Michigan Governor Signs Bill Ending Medical Marijuana License Ban For People With Past Convictions
The governor of Michigan on Thursday signed a bill that makes it so people with marijuana-related felony or misdemeanor convictions on their record are no longer disqualified from obtaining a medical cannabis business license.
There’s an exception for those who were convicted of distributing marijuana to a minor, but overall the legislation is meant to resolve a problem that advocates have identified. Given that people of color are more likely to have been targets of marijuana criminalization in the past, the restrictions on participation in the industry were viewed as discriminatory.
Gov. Gretchen Whitmer (D) signed HB 4295 on Thursday. Beyond eliminating the licensing ban, the bill, sponsored by Rep. Julie Alexander (R), also stipulates that elected officials and employees of federally recognized tribes can obtain a state cannabis license.
Also, regulators “may no longer consider the integrity, moral character, reputation, or personal probity of an applicant in evaluating eligibility for licensure” under the newly enacted law, a press release from the Michigan Marijuana Regulatory Agency says. These restrictions have only applied to medical cannabis operators; the state’s adult-use market does not contained such prohibitions.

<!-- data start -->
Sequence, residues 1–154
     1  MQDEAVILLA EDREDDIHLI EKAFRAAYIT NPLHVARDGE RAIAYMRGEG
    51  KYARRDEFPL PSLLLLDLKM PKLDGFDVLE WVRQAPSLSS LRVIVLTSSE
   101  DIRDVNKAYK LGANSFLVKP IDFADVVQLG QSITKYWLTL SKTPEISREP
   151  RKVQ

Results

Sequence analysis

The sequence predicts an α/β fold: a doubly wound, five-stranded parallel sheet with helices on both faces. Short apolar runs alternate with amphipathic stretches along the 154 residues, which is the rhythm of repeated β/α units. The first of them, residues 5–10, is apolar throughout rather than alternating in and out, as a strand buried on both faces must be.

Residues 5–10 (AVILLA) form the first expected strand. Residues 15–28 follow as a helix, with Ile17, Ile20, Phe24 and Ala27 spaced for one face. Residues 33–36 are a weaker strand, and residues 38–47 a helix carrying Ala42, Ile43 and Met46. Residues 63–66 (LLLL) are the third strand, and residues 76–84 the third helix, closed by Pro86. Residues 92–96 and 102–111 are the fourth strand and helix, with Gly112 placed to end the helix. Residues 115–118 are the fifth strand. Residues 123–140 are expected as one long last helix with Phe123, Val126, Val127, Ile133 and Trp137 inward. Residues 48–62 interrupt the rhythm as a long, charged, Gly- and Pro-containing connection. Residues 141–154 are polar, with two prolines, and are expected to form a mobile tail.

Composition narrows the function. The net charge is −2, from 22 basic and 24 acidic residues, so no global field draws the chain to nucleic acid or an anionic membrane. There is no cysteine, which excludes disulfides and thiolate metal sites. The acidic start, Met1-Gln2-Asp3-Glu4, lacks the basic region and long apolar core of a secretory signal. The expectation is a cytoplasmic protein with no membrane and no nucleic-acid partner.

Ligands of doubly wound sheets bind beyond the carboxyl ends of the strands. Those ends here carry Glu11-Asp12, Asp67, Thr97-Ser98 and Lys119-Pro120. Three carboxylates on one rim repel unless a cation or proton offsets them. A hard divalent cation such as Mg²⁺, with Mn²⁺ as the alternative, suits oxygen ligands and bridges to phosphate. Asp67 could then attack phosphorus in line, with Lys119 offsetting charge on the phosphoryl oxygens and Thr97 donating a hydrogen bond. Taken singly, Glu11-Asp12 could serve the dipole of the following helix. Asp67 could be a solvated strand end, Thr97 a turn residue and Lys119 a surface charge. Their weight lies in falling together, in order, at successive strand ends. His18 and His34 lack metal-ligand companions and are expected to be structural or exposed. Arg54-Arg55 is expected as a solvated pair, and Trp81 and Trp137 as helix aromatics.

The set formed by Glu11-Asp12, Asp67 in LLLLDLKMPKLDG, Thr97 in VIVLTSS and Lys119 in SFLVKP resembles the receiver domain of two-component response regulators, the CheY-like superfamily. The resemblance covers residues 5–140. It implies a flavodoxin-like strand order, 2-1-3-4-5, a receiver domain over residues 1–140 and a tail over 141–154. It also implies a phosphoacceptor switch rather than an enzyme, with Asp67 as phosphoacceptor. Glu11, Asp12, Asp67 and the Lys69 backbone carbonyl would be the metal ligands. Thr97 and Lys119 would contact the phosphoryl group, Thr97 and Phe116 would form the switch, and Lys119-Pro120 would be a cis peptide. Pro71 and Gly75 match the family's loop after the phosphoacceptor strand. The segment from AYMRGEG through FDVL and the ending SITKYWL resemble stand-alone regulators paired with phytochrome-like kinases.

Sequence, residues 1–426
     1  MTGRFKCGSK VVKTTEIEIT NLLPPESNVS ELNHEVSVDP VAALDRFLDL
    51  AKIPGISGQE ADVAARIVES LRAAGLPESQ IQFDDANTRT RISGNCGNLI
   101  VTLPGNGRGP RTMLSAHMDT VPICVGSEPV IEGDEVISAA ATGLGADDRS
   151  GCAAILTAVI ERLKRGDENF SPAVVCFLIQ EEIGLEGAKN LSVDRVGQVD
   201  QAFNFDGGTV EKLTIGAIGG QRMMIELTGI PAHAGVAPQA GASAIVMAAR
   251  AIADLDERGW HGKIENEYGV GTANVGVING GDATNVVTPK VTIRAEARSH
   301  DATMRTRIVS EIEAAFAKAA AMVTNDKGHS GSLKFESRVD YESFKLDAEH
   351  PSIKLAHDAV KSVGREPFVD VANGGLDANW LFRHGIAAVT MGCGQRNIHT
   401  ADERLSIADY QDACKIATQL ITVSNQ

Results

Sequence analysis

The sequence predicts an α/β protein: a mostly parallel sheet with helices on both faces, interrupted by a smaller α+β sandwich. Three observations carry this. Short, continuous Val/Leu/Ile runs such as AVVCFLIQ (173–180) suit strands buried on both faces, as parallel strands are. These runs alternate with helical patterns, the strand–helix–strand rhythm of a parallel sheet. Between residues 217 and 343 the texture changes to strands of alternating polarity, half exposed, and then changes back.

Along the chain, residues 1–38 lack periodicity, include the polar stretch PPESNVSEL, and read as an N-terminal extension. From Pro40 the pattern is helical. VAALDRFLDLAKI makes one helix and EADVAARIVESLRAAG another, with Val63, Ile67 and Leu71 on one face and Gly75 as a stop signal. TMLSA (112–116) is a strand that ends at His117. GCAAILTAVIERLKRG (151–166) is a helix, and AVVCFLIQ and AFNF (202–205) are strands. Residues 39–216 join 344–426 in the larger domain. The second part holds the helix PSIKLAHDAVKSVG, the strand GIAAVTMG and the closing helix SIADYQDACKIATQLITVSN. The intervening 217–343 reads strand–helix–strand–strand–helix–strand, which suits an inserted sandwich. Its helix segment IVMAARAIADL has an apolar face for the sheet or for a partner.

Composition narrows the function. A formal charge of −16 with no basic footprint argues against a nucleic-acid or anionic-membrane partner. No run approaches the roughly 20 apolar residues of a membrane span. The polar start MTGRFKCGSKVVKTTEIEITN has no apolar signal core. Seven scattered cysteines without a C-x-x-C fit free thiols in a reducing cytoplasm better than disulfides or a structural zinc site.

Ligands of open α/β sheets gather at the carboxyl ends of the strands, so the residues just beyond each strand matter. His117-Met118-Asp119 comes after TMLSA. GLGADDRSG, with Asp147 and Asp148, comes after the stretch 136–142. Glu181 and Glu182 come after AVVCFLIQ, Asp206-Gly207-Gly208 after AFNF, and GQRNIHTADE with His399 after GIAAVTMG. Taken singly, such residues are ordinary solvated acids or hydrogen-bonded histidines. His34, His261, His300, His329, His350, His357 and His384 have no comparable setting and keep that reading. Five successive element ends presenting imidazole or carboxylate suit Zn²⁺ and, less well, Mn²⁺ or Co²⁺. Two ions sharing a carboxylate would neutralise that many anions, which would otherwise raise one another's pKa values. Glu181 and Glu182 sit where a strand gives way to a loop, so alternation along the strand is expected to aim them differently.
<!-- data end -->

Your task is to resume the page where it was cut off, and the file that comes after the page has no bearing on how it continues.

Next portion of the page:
The legislation also clarifies that the spouses of people who’ve applied for marijuana operating licenses are eligible to get licensed as well “unless the spouse’s position created a conflict of interest, was within the Marijuana Regulatory Agency (MRA), or a state or federal regulatory body making decisions regarding medical marijuana,” according to the press release.
The law takes effect immediately.
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Sen. Jeff Irwin (D) filed a similar bill in September, but it did not advance. The senator also introduced legislation that month to legalize the possession and cultivation of certain psychedelics.
Also in Michigan, lawmakers recently approved a series of separate bills to enact restrictions on medical cannabis cultivation by caregivers.
Meanwhile, psychedelics reform has also been advancing in the state.
Detroit voters on Tuesday approved a ballot initiative to decriminalize various entheogenic plants and fungi.
In September, the Grant Rapids City Commission adopted a resolution calling for decriminalization of a wide range of psychedelics such as psilocybin and ayahuasca. However, the measure falls short of what activists had hoped, in that it doesn’t actually change any city enforcement practices and merely expresses support for future reforms.
Elsewhere in Michigan, the Ann Arbor City Council has already elected to make enforcement of laws prohibition psychedelics like psilocybin, ayahuasca and DMT among the city’s lowest priorities—and lawmakers recently followed up by declaring September Entheogenic Plants and Fungi Awareness Month.
After Ann Arbor legislators passed that decriminalization resolution last year, the Washtenaw County prosecutor announced that his office will not be pursuing charges over possessing entheogenic plants and fungi, “regardless of the amount at issue.”
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Photo courtesy of Brian Shamblen.